Shopping for Interior Doors
There are lots of choices between expensive wooden style-and-rail and cheap hollow-core doors.
Synopsis: Interior doors come in many varieties and price ranges. This article examines the pros and cons of what you’ll find in the aisles of your local lumberyard or home center. A sidebar offers advice on options for ordering a door.
We associate doors with choices. Remember the short story called “The Lady or the Tiger”? Or Monty Hall whipping the audience into a frenzy by asking, “What’s behind door No. 3?” The most intriguing thing about a door might be what it conceals. If you’re building a house or an addition, though, you’ve got to pay attention to the door itself. What do you want from a door? Your front door keeps out the cold and other uninvited guests. Inside, doors perform a host of functions, from making a bathroom a more private place to isolating a noisy television to announcing the end of an argument. At a minimum, interior doors are large pieces of millwork and part of a room’s overall design.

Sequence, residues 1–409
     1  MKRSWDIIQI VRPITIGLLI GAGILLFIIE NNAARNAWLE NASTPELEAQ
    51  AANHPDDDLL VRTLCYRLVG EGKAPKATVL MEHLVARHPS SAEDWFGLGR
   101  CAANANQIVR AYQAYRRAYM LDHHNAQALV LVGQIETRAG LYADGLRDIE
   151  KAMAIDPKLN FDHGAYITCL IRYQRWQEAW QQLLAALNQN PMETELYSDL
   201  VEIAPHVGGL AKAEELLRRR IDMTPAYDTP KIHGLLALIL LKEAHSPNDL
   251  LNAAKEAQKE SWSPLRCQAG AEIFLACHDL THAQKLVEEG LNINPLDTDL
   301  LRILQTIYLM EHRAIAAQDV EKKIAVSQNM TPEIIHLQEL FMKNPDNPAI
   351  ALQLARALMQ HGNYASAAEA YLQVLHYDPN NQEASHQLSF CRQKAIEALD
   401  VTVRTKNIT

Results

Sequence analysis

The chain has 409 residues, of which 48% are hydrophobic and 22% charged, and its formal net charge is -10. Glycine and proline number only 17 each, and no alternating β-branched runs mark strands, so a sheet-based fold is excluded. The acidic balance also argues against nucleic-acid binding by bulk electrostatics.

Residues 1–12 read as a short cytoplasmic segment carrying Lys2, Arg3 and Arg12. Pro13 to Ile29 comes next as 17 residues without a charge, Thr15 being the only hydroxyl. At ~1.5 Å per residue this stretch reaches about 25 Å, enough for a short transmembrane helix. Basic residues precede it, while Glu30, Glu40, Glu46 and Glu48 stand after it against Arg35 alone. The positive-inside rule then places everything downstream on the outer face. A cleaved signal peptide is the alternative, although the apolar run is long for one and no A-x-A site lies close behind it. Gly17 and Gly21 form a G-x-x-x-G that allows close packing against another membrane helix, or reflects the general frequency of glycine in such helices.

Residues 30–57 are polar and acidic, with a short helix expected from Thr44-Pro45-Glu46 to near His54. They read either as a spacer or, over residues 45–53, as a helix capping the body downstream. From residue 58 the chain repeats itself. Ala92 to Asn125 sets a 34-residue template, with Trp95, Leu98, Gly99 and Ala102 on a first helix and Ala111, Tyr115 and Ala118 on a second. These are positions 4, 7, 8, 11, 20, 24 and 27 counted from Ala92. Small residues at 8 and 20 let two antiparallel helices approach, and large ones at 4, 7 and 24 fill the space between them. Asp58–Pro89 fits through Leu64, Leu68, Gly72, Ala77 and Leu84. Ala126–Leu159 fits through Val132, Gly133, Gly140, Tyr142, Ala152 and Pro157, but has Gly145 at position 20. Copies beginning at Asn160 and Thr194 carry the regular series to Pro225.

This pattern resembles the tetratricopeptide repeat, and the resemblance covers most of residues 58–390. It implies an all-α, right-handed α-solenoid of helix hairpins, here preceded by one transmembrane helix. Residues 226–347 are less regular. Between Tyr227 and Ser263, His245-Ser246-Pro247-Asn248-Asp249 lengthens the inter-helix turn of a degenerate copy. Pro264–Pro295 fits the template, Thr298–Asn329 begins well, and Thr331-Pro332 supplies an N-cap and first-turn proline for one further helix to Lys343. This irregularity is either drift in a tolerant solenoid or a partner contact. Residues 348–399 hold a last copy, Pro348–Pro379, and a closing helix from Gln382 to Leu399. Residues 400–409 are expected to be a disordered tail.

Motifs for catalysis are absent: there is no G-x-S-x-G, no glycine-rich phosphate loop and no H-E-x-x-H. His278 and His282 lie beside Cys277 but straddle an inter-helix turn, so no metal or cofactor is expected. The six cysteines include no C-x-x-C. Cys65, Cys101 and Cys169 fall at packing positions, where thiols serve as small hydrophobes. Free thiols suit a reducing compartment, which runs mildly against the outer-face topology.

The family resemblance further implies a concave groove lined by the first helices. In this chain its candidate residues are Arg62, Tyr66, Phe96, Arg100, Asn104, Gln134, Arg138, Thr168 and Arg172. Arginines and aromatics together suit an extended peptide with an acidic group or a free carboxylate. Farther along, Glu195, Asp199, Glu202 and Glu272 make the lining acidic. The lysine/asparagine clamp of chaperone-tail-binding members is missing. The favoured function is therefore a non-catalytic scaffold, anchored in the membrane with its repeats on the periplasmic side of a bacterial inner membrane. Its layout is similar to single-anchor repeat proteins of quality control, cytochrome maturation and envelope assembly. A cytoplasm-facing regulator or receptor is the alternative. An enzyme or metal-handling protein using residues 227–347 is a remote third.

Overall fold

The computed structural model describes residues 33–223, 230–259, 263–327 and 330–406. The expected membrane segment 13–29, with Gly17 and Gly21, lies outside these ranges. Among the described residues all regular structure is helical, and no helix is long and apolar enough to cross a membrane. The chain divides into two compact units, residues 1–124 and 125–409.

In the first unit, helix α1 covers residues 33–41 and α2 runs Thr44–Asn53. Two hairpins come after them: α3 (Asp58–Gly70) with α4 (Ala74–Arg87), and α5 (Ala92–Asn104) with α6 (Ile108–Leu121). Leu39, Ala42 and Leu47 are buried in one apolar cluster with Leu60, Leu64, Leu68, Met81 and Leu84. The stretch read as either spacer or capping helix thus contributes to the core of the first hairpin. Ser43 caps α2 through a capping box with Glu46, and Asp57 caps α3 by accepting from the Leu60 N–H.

When buying a door, you’ll want to know what the door is made of and how much it costs. Those of you on the lookout for a new door have to weigh the virtues of hollow vs. solid vs. stile and rail, flat panel or raised panel, veneered or solid panel, veneered and engineered composite panel or molded, and then a whole raft of wood species, among other things. To learn more about doors, I talked to manufacturers, visited their factories, talked to carpenters who install doors and finally checked prices at door retailers here in southern New England. I’ll give you a preview of what you can expect at the door store.
Wooden stile-and-rail doors are traditional and sturdy
When someone says the word “door,” I think of a…